I went on and applied the minimal decals onto the fuel tank and side covers. Despite their past date, they behaved well, with only the blue tank stripe presenting some tearing-offs, which were touched up with a custom made blue mix using a fine brush. A coat of Future sealed the decals.
The engine had the chain driving sprocket, its
side covers and various other small chromed bits installed, then it was attached
to the frame. As expected, fit was very challenging, as not all attachment
points would line up due to frame warping, with the engine finally settling to a
position that misalignment would not be too obvious.
The carburettors were attached to their chromed mounting plate, then had their engine intake tubes attached to their front, the air cleaner at the rear and their throttle levers on top. The two vinyl throttle wires ends were secured on the aforementioned top levers with a heated blade. The complete sub assembly was then carefully attached to the engine.
The rear shock absorbers were attached in position, followed by the rear fender. The vinyl chain was joined by the styrene link halves provided and carefully affixed to the engine driving sprocket in such a manner these links would be blanked by the front sprocket cover (as the links were notably thicker, making the difference noticeable). Regarding chain color, I elected to simply dry brush the black vinyl with silver, with the looks deemed acceptable. The chain guard was finally attached.
The rear wheel had its good looking tire pressed in position. After attaching its drum housing and rear sprocket, I carefully mounted the chain onto the sprocket and secured the complete assembly to the swing arm by gluing the chromed supplied bolts to the axle ends (the wheel had beforehand been pulled back a far as it went, so the chain would look nice and tight). The rear drum operating lever and connecting rod were next attached, concluding the rear end assembly.
Moving to the front, I first press-fitted the tire to the front wheel, then attached the brake disc at one side and the speedometer spindle to the other side. After gluing the brake caliper to the left fork, I put together the complete front section, meaning trapping the wheel, front fender and lower triple tree between the forks. This was an operation easier said than done, as nothing wanted to stay in position, having to resort to some means of “jig” made from two clothes pegs that held the front wheel upright, while all the rest was aligned and drying.
Once dry, I carefully attached the pair of fender supporting rods. Moving to the top, I attached the pair of 2-piece fork extensions that double as headlamp support, followed by the upper triple tree. The good looking headlamp was then assembled and attached and the now completed (and very flimsy) front section was set aside to dry. Both triple trees and headlamp casing were painted black.
It was then exhausts’ mounting time: I first attached the manifolds to the mufflers, then, without the glue fully cured, I flipped the bike upside down and mounted in place the complete exhaust, essentially using the model as a jig. After being satisfied with the alignment, I secured all the attaching points with glue. Finally the front section was attached, with the Honda proudly resting on her shoes!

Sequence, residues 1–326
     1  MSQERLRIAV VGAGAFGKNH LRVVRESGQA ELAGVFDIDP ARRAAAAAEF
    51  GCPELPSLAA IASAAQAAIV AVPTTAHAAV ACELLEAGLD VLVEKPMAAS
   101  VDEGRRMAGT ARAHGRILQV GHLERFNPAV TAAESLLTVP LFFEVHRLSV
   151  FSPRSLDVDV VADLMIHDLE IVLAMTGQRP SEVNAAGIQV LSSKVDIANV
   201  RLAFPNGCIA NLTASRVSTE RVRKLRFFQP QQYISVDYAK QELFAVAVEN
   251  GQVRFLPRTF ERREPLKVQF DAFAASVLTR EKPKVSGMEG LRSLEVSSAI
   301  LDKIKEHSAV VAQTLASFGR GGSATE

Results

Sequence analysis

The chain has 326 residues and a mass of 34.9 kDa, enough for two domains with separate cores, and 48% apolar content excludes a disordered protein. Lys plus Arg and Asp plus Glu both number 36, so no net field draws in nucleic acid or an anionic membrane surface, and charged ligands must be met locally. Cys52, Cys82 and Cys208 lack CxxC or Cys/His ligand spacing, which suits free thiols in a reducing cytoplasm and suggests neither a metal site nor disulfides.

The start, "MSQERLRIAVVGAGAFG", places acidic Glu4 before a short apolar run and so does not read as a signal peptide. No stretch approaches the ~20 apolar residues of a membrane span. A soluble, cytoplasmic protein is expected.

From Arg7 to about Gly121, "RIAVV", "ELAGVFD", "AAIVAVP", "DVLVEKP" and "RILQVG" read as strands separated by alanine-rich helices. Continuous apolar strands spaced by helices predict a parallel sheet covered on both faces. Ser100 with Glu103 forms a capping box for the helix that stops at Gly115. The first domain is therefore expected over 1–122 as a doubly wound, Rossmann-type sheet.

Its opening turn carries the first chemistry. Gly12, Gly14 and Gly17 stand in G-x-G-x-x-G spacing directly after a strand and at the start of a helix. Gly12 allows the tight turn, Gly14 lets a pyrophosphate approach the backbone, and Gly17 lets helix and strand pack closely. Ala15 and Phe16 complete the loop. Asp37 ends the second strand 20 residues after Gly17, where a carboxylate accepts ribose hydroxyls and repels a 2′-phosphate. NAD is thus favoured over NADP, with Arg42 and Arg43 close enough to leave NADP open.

The speedometer and tachometer were assembled and attached in position, with the corresponding vinyl cables carefully attached at their rears. The instrument faces themselves were represented by decals that looked good once attached, as did the transparent protective glasses that were secured with Clearfix. A good looking decal also represented the four instrument lights (green, blue, red and orange), located on top of the handlebars securing plate.
The indicator lights were assembled and attached in position, as were the fork mounted side reflectors, with all transparent parts painted clear orange. The tail light was assembled and, together with the real reflector, were attached to the number plate, with the complete sub assembly attached to the rear fender. Transparent parts were painted clear red. The number plate was painted black and had the “HONDA” and “CB750” white decals affixed.
The battery had its
filler caps painted yellow and attached in position, followed by the already
painted black oil tank. The latter had its inlet and outlet vinyl oil hoses
attached and routed to the crankcase. The hoses' couplings were highlighted with
my silver pen.
The chromed handlebars tube had the 2-piece front brake and clutch levers, the one piece flash switch and the vinyl grips attached. The whole assembly was then secured in position with the top plate that contained the indicator lights. The kill switch located at the right grip was painted red.
The front brake and clutch vinyl cables/hoses were accordingly routed, it being not among the easiest of tasks due to the vinyl’s stiffness. The fuel tank had its filler cap, its fuel valve, its HONDA logos and its decorative chrome filets attached and installed in position, followed by the saddle which had its passenger grip attached and the white “HONDA” decal affixed at the rear. The rear view mirrors, kick starter, side covers, side stand, all foot pegs and rear brake and gear levers were attached in position.
The complete model (sans the transparencies) was then given a light satin coat, in order not only to tone down the (at areas) too pronounced toy-ish chrome, but also to give the bike a more realistic, homogenous look, before calling it done!
This is a classic kit of
the iconic CB750. Overall shape looks correct, detail is plenty allover and each
individual part looks to be accurately replicated. Parts count is high,
something possibly having to do with mold limitations back then, in order to
achieve this level of detail. Instructions were not too user friendly, but you
can easily (and are strongly advised to) download the vastly improved 2014
release ones. The build itself is complex and, in a number of areas,
complicated, meaning the kit is not for the novice who wishes to build his first
In my specific 30 year old kit, the plastic was severely warped and extremely brittle, meaning I had very little margin in trying to straighten warped parts. Since I noticed the same brittle plastic in the same era Heller Laverda 750 kit that I also had in my stash, it is possible that this mishap might have occurred due to plastic aging.
With some patience, an imposing model can emerge out of the box, the main discord being the thickness of the wheel spokes that are off-scale (not too much, though). The kit has been reissued in 2014 with fresh decals, the aforementioned improved instructions and (hopefully) non-brittle plastic, but looks not too easy to find today (2022), let alone at a sensible price.
If you have one in your stash, or find one at a good price and are thinking of putting it together, by all means do so! With some perseverance you will end up with an eye-catching scale replica of a landmark in automotive engineering.
12 September 2019